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A Piece of Steak by Jack London: Theme & Symbolism

Instructor: Joe Ricker
Many of Jack London's stories pit man against nature or man against man. In this lesson, we'll see how London's common theme of survival is made apparent in 'A Piece of Steak,' the story of a boxing match between an aged fighter and one with youth on his side.

Survival

Jack London was one of the most influential writers of the late 19th and early 20th centuries. His short stories and novels remain a piece of fundamental literature to this day, his most famous works being The Call of the Wild, White Fang, and the short story 'To Build a Fire.' Among these works, the theme of survival is prevalent, which is also the case for his short story 'A Piece of Steak.'

'A Piece of Steak' is a story about an aged boxer named Tom King who was once a champion fighting for glory. In this story, however, King is well past his prime, living in poverty and fighting solely with the hope that he can make enough money to feed his family and pay his rent. Essentially, Tom King has no other option but to fight because he has never opted to pick up a trade or other line of work. The story becomes even more somber at the end when Tom King comes close, but fails to win the fight, making his struggle for survival that much more significant.

Cycle of Life

The context of age and youth, as Tom King and his opponent Sandel represent respectively, in 'A Piece of Steak' is an obvious perspective of the cycle of life. In this story, however, it means much more. It's about survival. The following passage from the story adds clarity to this:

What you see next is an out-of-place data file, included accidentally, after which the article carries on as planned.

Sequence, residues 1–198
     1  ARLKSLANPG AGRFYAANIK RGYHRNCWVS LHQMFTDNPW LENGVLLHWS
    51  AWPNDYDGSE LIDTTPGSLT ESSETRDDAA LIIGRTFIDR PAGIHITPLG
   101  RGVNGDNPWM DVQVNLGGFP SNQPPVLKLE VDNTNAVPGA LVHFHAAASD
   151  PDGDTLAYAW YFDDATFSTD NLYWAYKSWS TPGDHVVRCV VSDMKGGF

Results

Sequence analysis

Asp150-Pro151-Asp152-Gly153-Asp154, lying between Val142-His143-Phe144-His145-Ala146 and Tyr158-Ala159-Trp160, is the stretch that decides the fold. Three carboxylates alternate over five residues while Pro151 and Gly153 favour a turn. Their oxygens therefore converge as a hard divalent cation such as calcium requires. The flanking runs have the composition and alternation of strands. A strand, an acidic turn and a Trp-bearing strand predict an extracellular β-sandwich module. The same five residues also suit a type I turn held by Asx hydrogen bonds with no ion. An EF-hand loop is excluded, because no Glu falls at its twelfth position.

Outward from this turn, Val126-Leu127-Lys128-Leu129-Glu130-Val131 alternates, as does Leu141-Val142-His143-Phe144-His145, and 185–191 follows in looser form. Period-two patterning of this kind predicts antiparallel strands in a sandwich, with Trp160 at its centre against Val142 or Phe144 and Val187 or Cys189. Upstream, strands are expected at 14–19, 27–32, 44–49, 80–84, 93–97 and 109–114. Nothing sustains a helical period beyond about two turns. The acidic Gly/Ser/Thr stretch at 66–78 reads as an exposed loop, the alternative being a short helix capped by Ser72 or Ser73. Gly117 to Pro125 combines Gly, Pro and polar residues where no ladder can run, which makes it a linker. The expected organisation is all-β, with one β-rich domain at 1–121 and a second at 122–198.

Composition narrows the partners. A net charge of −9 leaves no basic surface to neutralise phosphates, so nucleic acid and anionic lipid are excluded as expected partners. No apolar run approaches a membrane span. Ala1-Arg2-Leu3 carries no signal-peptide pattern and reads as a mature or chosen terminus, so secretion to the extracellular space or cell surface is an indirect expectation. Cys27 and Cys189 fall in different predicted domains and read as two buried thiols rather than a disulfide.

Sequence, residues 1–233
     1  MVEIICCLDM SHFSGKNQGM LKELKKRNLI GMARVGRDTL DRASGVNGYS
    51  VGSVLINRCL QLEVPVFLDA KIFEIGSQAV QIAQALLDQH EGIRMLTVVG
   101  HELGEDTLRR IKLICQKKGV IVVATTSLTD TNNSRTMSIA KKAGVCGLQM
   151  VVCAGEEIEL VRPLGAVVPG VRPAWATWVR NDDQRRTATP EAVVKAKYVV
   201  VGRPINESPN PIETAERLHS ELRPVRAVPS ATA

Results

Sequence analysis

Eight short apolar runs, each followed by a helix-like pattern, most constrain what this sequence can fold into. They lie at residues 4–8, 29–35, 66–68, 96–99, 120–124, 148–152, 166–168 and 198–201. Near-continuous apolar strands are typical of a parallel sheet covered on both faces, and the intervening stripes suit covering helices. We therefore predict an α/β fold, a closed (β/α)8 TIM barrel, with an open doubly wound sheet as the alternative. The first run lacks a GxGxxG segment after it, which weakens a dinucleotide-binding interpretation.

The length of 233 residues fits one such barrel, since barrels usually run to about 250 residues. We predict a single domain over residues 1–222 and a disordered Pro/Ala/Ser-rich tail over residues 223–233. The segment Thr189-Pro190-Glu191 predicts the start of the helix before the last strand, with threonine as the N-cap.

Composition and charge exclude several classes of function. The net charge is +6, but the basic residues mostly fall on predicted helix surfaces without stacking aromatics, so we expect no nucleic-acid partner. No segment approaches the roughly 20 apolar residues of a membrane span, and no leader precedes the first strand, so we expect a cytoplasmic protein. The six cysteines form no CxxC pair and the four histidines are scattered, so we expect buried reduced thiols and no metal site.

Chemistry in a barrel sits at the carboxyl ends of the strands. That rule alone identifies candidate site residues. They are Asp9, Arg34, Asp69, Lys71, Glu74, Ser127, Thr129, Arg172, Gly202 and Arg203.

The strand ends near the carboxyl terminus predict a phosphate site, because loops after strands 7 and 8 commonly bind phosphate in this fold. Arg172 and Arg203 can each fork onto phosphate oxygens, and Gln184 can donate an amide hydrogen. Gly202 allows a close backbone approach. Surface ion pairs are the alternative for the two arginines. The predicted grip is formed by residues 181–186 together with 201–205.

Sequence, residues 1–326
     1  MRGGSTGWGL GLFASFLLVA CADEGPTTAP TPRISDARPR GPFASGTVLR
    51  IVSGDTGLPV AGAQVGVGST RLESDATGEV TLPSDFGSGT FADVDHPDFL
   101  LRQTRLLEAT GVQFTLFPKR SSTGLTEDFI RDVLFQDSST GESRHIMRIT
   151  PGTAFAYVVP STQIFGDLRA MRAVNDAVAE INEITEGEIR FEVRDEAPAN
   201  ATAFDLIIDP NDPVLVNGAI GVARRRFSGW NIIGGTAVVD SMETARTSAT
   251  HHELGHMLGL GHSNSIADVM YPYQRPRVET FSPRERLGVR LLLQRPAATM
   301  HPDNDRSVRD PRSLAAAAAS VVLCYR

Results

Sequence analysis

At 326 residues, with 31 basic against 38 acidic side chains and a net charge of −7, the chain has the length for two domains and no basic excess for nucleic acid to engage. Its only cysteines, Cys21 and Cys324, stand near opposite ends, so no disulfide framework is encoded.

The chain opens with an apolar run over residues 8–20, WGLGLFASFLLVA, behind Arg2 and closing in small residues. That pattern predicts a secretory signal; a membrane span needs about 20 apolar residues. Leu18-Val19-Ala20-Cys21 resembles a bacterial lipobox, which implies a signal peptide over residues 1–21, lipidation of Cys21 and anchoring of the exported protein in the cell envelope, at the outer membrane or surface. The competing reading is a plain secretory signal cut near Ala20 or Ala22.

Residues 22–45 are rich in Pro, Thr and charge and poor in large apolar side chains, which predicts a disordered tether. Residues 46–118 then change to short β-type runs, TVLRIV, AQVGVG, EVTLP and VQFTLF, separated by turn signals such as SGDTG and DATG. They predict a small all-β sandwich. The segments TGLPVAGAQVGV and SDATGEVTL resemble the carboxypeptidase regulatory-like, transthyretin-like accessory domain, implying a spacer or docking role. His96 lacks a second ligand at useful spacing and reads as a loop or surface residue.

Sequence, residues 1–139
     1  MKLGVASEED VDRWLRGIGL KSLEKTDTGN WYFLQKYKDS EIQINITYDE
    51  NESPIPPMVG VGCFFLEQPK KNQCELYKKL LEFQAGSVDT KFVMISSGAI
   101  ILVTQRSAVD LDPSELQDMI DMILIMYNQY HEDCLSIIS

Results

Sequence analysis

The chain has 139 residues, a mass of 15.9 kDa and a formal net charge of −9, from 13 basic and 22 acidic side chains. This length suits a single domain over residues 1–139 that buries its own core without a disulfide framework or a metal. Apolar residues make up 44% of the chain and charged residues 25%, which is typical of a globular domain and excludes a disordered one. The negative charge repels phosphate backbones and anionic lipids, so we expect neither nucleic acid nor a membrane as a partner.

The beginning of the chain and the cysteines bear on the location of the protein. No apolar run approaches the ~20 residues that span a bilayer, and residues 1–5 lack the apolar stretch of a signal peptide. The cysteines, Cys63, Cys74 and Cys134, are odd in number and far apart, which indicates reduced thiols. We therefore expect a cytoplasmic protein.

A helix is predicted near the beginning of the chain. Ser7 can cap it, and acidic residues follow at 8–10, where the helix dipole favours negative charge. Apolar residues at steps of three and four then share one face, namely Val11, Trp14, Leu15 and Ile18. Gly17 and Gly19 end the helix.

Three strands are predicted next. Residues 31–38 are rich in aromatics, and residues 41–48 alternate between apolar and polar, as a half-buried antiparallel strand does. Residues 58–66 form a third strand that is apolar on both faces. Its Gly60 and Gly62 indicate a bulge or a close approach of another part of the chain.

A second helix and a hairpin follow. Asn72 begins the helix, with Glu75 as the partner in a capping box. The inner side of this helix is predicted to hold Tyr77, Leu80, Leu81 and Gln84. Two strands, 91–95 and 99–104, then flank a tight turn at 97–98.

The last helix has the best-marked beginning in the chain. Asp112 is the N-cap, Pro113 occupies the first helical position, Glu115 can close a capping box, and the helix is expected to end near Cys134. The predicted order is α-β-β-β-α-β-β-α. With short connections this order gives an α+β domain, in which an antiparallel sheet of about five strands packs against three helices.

And ever they came, more and more youngsters--Youth unquenchable and irresistible--and ever they put the old uns away, themselves becoming old uns and travelling the same downward path, while behind them, ever pressing on them, was Youth eternal--the new babies, grown lusty and dragging their elders down, with behind them more babies to the end of time--Youth that must have its will and that will never die.

Much like animals in the wild, predators especially, they have to hunt for food to survive. For Tom King, his hunt for food takes place in the boxing ring, where a victory means he survives another day and defeat means that his family goes hungry.

Age and Youth

Sandel in the story represents youth, and the ability to use that youthful vigor to overcome the trials of nature and gain enough experience to continue in the cycle of life and age. Tom King, in this respect, represents the wisdom and experience gained with age. The struggle for survival is between experience of age and the vigor of youth. As the fight between King and Sandel unfolds, it's clear that the fight isn't about pride, which one would expect from a boxing match. Instead, the fight is about survival. London writes:

One stiff punch would do it. Sandel was his, indubitably his. He had outgeneralled him, outfought him, outpointed him. Sandel reeled out of the clinch, balanced on the hair line between defeat or survival. Sandel reeled out of the clinch, balanced on the hair line between defeat or survival.

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